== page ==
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Offa – Office for Fair Access by Les Ebdon (Fair Access to Higher Education)


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This presentation was given by Les Ebdon, Director of Fair Access to Higher Education at the international seminar “Equity and quality on higher education: from the right of access to the challenge of graduation” on 17-18 June 2016 in Santiago, Chile.

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Offa – Office for Fair Access by Les Ebdon (Fair Access to Higher Education)

  1. 1. Professor Les Ebdon CBE Director of Fair Access to Higher Education Professor Les Ebdon CBE Director of Fair Access to Higher Education
  2. 2. English higher education – introducing student finance • Tuition fees of up to £9,000 per year • Fees are not payable up front – students receive Government loans to cover tuition and some living costs • Some students are also eligible for financial support offered by their institutions • Loans become repayable when a student starts earning over £21,000 a year • Students repay 9 per cent of salary over £21,000 • Loans are cancelled 30 years after students become eligible to repay.
  3. 3. OFFA’s role To promote and safeguard fair access to higher education for people from lower income backgrounds and other under-represented groups. The main way we do this is by approving and regulating access agreements.
  4. 4. Who are we talking about? OFFA’s remit is to safeguard access to education for ‘under-represented groups’. These are: • people from lower-income backgrounds • lower socio-economic groups • students from neighbourhoods in which relatively few people enter higher education • people who have been in care • disabled people.
  5. 5. What is an access agreement? • All institutions charging higher fees must have an access agreement with OFFA. • The agreement sets out the fees the institution will charge and explains the activities and support universities and colleges will take to: • Raise aspirations and attainment among people from disadvantaged backgrounds and support them to apply to higher education • Support these students in their studies and as they prepare for life after graduation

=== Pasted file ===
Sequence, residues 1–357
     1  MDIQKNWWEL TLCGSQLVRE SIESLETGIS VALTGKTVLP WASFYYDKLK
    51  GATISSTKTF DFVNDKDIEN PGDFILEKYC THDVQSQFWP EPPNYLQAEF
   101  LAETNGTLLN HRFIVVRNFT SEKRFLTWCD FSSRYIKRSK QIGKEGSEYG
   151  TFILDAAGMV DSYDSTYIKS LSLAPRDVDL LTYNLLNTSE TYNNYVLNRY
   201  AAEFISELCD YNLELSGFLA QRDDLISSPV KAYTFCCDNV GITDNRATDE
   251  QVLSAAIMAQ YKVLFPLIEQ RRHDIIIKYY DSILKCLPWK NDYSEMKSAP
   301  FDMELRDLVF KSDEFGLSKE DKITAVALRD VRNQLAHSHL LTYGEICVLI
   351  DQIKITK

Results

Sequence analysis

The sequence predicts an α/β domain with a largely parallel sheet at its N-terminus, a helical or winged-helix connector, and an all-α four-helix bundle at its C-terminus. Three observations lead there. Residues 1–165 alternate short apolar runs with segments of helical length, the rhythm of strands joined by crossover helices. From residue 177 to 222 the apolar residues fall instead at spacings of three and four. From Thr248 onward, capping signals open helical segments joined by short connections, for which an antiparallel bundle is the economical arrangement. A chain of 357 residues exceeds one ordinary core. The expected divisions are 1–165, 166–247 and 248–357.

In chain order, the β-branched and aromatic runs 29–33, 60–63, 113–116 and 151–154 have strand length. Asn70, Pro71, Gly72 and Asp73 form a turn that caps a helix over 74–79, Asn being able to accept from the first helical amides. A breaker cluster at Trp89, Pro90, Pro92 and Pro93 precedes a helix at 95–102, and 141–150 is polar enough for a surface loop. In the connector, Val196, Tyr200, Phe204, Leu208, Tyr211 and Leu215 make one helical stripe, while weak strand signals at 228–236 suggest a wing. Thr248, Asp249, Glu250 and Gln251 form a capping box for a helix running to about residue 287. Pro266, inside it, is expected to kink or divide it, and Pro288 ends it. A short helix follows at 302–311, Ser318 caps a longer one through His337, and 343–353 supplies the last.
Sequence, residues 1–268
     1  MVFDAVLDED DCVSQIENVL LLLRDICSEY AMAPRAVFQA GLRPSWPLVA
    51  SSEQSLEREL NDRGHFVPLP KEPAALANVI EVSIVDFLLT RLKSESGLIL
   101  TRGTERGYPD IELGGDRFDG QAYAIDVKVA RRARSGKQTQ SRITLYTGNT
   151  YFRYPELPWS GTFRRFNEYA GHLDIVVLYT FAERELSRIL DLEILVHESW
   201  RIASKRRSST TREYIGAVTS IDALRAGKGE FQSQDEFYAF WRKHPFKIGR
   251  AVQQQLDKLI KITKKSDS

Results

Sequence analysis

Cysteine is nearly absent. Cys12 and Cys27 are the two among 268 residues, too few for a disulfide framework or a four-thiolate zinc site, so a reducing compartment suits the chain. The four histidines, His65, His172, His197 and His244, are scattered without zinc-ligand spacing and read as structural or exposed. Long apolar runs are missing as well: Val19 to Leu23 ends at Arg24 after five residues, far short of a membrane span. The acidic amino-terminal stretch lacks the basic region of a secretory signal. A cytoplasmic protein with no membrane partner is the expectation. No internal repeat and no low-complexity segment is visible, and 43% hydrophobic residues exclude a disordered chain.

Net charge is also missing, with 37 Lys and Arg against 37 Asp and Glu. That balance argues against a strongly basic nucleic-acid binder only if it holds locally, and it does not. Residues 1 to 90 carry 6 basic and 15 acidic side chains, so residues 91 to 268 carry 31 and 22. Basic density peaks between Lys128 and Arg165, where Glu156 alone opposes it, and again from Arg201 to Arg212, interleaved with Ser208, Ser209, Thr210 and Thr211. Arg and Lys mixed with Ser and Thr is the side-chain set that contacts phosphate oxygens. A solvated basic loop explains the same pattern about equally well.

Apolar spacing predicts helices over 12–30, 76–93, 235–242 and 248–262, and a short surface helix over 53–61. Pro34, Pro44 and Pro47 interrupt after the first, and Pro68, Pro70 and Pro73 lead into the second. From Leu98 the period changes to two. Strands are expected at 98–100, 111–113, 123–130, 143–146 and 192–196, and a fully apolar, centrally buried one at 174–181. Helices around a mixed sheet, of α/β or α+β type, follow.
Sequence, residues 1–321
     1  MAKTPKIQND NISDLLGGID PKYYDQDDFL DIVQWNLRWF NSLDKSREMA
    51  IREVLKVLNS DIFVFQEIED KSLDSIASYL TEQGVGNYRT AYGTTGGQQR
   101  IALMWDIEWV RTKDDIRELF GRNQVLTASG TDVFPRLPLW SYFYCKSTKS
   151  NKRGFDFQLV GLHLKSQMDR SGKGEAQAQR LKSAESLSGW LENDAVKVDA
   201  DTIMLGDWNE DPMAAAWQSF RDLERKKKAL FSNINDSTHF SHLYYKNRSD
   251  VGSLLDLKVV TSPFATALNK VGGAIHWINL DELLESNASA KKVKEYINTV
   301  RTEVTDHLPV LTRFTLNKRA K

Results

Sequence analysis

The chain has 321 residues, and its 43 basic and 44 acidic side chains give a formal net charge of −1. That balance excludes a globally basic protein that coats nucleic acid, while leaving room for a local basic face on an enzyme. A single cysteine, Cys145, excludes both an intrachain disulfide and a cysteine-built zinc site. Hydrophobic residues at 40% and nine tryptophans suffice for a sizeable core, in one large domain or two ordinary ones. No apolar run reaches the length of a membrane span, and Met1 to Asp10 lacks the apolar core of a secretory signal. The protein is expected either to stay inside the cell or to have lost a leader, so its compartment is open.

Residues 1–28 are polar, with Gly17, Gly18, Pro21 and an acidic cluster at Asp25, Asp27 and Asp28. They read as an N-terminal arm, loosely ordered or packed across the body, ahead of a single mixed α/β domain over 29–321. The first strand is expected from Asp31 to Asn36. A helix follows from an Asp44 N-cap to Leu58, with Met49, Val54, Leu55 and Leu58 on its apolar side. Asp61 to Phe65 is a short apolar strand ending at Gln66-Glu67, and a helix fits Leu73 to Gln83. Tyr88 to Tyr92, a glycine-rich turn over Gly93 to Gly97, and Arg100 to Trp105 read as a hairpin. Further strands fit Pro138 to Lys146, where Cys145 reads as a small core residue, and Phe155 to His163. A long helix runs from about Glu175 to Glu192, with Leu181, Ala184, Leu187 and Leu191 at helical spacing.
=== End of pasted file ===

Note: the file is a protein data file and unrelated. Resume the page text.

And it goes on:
6. 6. What’s in an access agreement? • Data on fees and student numbers • What the institution plans to do to widen access and support disadvantaged students through their studies • Aims, targets and milestones – set by institutions and subject to my approval • Monitoring and evaluation arrangements • Student consultation • How information for prospective students will be communicated • Equality and diversity
  7. 7. Access agreement spend Source: OFFA Publication 2015/04 - Outcomes of access agreement monitoring for 2013-14.
  8. 8. Source: UCAS (End of cycle 2015, 18 year olds) Source: UCAS (End of cycle 2015, 18 year olds) Q5: Least disadvantaged; Q1: Most disadvantaged For 18 year olds from low participation neighbourhoods, the 2015 entry rate was 18.5%, compared with 17.8% in 2014, and 13.6% in 2009 Entry rate among the least disadvantaged 18 year olds was 2.4 times higher than that among the most disadvantaged (down from 3.7 in 2006). 0% 4% 8% 12% 16% 20% 2006 2009 2012 2015 EntryRate Entry rate among the most disadvantaged, 2006-2015 (POLAR 3, Quintile 1) 18.5% 0 1 1 2 2 3 3 4 4 2006 2009 2012 2015 Entryrateratio(Q5:Q1) Difference in entry rate between most and least disadvantaged groups Progress to date
  9. 9. Thanks for listening 0117 931 7171 Thanks for listening